Honda City VTi-L quick review

Honda’s light sedan has excellent interior and boot space that puts many bigger cars to shame.

Honda City VTi-L quick review


The Honda City is a light sedan that is based on the Honda Jazz hatchback but with a longer wheelbase and added boot, which gives it exceptional interior and boot space.

It’s available in two main variants, the entry-level VTi, and VTi-L which has extra features including leather appointed interior, satellite navigation, power mirrors, foglights, climate control, keyless entry/start, security alarm, and alloy wheels. 

The City is powered by an 88kW/145Nm 1.5-litre four-cylinder engine coupled with a CVT auto gearbox. Unlike the VTi there’s no manual option for the VTi-L.

The Honda City VTi-L is priced from $21.590.


  • The Honda City’s 4455mm length and 2600mm wheelbase is longer than most comparable sedans and hatches, including its Jazz sibling. It feels more planted on the road than most city cars and, unlike the Jazz, you don’t feel like you’re about to be blown away in strong winds.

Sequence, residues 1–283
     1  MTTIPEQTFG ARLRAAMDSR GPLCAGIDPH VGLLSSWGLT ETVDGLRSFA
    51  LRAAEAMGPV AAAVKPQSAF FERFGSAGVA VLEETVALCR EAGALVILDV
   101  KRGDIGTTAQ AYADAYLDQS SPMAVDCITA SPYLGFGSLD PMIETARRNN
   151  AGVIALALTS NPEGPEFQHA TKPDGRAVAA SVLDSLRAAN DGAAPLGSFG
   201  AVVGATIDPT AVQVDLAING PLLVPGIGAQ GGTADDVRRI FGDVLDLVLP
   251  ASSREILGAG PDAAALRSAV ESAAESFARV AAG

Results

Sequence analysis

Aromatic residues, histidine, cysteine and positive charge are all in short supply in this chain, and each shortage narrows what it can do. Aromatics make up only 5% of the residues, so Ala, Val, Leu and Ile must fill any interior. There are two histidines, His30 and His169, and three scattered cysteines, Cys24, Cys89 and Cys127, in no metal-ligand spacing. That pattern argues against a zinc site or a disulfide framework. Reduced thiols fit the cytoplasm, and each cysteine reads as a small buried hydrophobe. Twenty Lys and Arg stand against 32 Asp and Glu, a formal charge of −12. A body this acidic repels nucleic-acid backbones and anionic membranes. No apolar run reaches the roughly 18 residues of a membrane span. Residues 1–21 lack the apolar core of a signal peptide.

• The extra length makes it one of the most practical sedans in its class. Boot space is a cavernous 536-litres, which is better than some SUVs, while rear legroom rivals some medium-sized cars. 
  • The CVT does a good job in getting the 1.5-litre engine up to speed and includes a Sport mode if you really need to dial in some extra revs.
  • It’s not a car built for thrills but the addition of paddle shifters offers some hands-on driver enjoyment.
  • The interior is well laid out and the dashboard presentation is neat with most displays and buttons intuitively located.
  • Rear seat passengers get two 12v outlets to recharge devices.
  • The chassis handles tight bends surprisingly well, yielding little in terms of lateral movement.
  • Road and engine noise is well supressed even out on the highway.


  • The infotainment system is underwhelming with no Apple Car Play or Android Auto, whereas its messy radio interface and out-dated satellite navigation graphics make it look like its directing you back to the 1990s.  
  • Headroom in the back seats is limited by the sweeping roofline.
  • Hard plastic surfaces on the dashboard and door trims undermine the decision to spend more on leather appointed trim.
  • There’s no active safety features such as automatic emergency braking, which is becoming more common in the light car segment.


The Mazda 2 GT is the only light sedan on the market with similar features and price tag north of $20,000.


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